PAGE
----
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HISTORY OF KANSAS CITY BLACKJACK FROM A CARD COUNTER'S PERSPECTIVE

by JPB

JPB has been playing blackjack and counting cards part-time since 1996. He plays throughout the country but primarily in Missouri. He has been a Green Chip member of BJ21.com for five years and one-time winner of the Post-of-the-Month. JPB is a professional engineer with three engineering degrees and works as a consulting engineer. This article is a first in a series of articles on the history of blackjack games in Kansas City from JPBs playing experience.

Introduction

On my way home from the Kansas City Airport a few weeks ago, I stopped by Argosy Casino in Kansas City to use a $50.00 free-play coupon. I strolled over to the high-limit pit and watched as the dealer kept dealing from the two-deck shoe, wondering if I could play a few shoes before the dreaded 25%-penetration countermeasures would be taken by the casino bosses. (Mid-shoe entry has never been allowed at any of the Kansas City casinos, so I could not have entered play at that point even if I wanted too). Card after card kept coming out until finally the yellow shuffle card appeared, and I estimated that I had just seen 85% penetration on a double-deck game with H17 and DAS. (This equates to being one of the best, if not the best, blackjack games in the country for a card counter). Before I could break out a stack of hundreds, the pit boss came by and told the dealer, "Cut the shoe at a deck and a half," (meaning 25% penetration), and I knew if I played, I would be looking at unplayable conditions. I just used my free-play coupon on a six-deck table, shook my head, and walked away wondering how Kansas City blackjack evolved from horrible conditions to this card-counter paradise, and wondering if I will ever be able to get a piece of that action again.

History of Kansas City Blackjack- Part 1 (1994-1998)

The possibility of casinos opening in Missouri (Kansas City and St. Louis) started appearing in the newspapers around 1991. (I did not believe I would ever see the day that casinos would open in Kansas City.) Approval required a state-wide vote that was very close and required some concessions by the casino industry. Among the unique concessions were:

  • Casinos had to be on "riverboats"- no land based casinos. Casino entry was limited to certain boarding times. Thus, in Missouri, people would say: Do you want to go to the "boat or boats" rather than "casino".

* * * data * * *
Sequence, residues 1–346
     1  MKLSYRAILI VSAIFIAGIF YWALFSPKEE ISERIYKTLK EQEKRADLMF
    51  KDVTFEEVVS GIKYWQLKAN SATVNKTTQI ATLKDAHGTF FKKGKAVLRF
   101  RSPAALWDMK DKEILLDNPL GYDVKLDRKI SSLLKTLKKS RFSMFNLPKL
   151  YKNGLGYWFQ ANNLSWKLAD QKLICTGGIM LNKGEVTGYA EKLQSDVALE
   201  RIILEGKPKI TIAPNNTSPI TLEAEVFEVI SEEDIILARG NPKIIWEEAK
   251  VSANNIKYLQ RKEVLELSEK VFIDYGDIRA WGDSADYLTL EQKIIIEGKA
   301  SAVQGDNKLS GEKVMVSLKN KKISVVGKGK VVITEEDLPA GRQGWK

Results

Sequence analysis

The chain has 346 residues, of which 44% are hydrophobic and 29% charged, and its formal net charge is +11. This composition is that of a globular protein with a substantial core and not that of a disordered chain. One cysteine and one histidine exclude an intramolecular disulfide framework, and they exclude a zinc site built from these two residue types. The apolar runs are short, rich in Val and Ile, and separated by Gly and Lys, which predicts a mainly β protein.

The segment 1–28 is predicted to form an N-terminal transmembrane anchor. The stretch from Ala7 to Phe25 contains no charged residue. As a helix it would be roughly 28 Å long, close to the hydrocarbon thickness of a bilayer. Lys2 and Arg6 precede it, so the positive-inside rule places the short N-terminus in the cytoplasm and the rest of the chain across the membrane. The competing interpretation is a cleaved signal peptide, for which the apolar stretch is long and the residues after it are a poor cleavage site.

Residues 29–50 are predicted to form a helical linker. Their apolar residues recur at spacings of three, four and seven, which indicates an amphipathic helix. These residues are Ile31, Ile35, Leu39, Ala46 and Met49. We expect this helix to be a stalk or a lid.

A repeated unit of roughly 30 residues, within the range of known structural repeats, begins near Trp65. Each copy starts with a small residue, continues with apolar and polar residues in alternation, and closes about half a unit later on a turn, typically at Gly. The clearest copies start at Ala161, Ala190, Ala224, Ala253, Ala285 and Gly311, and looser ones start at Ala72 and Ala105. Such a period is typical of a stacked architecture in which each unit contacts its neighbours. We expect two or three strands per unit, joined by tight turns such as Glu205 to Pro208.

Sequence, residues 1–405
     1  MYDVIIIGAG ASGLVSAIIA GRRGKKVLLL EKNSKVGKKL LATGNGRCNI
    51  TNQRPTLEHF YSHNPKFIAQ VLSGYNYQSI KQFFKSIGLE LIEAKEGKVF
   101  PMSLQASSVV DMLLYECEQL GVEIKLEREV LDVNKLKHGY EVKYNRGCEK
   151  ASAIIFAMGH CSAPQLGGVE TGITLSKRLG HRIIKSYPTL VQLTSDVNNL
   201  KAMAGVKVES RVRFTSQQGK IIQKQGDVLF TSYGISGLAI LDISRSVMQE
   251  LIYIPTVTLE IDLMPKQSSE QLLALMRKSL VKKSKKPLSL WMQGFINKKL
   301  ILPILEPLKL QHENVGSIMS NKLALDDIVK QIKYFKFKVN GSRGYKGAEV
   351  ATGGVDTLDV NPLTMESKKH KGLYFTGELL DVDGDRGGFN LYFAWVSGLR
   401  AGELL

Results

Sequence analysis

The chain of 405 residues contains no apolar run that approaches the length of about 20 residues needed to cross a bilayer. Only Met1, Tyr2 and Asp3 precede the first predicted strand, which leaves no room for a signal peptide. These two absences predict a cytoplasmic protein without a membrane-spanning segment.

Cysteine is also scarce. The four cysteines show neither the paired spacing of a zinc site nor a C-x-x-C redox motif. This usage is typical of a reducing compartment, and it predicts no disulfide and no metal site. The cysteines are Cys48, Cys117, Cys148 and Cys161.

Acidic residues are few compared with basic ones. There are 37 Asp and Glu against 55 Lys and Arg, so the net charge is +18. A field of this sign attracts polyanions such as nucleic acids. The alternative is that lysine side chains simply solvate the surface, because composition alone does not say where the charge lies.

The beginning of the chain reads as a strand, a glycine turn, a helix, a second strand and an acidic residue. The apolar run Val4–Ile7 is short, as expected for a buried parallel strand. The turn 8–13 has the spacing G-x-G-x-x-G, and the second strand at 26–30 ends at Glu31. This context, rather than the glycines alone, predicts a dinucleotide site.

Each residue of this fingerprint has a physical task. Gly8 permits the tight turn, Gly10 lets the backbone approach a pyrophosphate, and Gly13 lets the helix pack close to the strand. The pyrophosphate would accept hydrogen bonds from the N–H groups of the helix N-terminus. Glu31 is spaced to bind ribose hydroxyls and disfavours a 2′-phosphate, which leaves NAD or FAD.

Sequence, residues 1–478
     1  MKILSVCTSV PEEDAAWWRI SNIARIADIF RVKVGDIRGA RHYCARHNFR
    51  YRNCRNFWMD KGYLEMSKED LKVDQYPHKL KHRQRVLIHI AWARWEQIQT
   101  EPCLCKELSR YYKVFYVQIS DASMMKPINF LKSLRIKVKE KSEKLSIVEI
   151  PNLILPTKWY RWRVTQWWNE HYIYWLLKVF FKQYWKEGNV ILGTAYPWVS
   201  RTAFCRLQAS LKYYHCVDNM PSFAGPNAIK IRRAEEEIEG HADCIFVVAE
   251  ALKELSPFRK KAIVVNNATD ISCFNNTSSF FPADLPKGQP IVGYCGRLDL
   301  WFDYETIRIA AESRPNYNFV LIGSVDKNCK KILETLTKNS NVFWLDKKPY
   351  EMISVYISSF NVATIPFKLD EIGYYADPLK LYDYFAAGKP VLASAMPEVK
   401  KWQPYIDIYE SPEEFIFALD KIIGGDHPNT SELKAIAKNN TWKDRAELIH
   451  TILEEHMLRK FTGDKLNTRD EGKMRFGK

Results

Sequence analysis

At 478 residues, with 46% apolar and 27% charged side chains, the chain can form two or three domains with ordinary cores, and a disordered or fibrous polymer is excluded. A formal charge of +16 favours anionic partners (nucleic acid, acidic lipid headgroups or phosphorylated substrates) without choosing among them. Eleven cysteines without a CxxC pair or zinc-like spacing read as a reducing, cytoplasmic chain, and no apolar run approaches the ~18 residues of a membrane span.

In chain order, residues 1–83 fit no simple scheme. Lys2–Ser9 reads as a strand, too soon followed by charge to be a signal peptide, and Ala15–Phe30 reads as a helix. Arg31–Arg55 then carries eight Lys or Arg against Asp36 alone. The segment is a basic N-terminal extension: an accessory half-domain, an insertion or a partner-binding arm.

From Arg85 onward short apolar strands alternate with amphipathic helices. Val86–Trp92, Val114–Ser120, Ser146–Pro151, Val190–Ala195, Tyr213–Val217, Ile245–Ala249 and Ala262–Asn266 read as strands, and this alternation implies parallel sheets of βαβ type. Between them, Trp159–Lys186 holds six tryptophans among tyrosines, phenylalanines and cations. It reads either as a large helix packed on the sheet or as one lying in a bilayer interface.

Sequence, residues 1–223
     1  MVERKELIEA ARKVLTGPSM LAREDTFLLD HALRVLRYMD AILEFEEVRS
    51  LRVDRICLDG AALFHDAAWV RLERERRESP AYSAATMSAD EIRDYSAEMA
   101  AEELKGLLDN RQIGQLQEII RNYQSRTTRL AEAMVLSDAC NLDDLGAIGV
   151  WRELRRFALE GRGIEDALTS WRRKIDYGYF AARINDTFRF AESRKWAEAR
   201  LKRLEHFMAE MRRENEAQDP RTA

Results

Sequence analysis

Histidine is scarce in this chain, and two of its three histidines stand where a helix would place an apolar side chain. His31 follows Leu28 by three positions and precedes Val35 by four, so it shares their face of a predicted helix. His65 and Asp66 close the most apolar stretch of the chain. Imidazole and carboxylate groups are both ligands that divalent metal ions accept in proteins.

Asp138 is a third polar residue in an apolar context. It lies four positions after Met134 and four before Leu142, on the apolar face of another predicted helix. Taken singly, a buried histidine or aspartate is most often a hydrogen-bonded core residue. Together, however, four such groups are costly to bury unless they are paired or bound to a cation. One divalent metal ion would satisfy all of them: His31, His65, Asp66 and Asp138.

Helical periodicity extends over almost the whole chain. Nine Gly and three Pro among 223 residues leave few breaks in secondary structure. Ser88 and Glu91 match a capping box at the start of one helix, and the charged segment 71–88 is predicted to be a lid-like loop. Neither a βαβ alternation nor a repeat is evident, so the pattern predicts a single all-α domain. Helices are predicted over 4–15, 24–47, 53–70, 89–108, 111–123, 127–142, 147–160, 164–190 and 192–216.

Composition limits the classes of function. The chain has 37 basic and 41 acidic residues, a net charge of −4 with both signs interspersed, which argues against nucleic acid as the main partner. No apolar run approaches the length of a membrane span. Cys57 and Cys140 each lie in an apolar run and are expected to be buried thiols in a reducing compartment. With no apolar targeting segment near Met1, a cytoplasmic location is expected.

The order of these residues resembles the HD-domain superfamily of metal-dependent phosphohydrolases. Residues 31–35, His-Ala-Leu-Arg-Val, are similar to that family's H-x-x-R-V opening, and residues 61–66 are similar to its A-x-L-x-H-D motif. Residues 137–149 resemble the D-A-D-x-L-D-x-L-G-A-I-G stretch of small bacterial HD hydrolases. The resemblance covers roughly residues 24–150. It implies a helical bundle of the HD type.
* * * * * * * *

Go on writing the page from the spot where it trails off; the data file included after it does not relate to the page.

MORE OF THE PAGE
• The casinos were prohibited from offering "games of chance." The industry had to convince the state that blackjack was a "game of skill" and not a "game of chance" that ultimately led to the Missouri Gaming Commission ruling that the casinos could not ban a skilled player from card counting.
  • A strict loss-limit of $500 per two-hour session per player had to be enforced
  • Casinos could not offer credit
  • Free alcoholic drinks cannot be offered to players
  • ID required for entry

All of the casinos charged an admission fee for a two-hour session in the early years. I believe the fees ranged from $5-$10.00. I heard stories of packed casinos and lines to get in. The first casino to open was Argosy in June 1994. It was a true riverboat capable of traversing the Missouri river. I did not visit in the first year or so because after going to Vegas a few times, I could not accept the idea of paying an admission fee to enter a casino. Furthermore, I had heard that Argosy was only offering six-deck games and tables were always crowded the first year or so.

Shortly after Argosy opened, the Flamingo, Harrah's, and Sam's Town opened. These casinos started pushing the definition of "riverboat." Harrah's was more of a casino built adjacent to the river with a cut-out to allow water to surround it (a "boat in a moat"). The jewel of the market was Station Casino, which had movie theaters, a kids play zone, concert hall, multiple restaurants, and eventually a large hotel. It was the last to open, around 1997. Both gamblers and non-gamblers lined up to visit Station Casinos the first few years. Parents could (and did) drop the kids off at the play zone, gamble a few hours, and then picked up their kids afterwards. The theater was top-notch and the restaurant selection was good, including an Arthur Bryant's barbeque.

Because of the casino admission fee, I decided to wait it out until finally Harrah's offered a deal I could bite on around early 1995. They still charged an admission fee of about $5-$10.00, but with the 8:00am "cruise" (that did not cruise, by the way), you received a free breakfast buffet. I could go for that. These Kansas City rules were bizarre, but this is how I remember them:

  • A valid ID was required for entry. A player would then receive a "boarding pass" with printed squares ranging from $10-$500. When you cashed in for chips, the boarding pass would be marked accordingly; once you cashed in for $500, you were done. No boarding pass with open squares, no chips. A player would have to wait two hours to get another boarding pass and buy additional chips.
  • I believe the maximum table limits were $500- but obviously not many players bet anywhere in that range with the $500 buy-in limit.
  • No free drinks or even comped drinks for players.
  • Player's had to leave the "boat" at the end of the two-hour session and buy another boarding pass.
  • Trying to skirt around the buy-in limit was taken seriously. At a minimum, a player would be escorted off the boat.
  • Players would sell chips in the bathroom to those that had maxed out the $500 buy-in. A dealer told me that one player made a nice living selling chips at a premium to down-and-out gamblers.

I am reasonably certain there were no issues or need for the casinos to...

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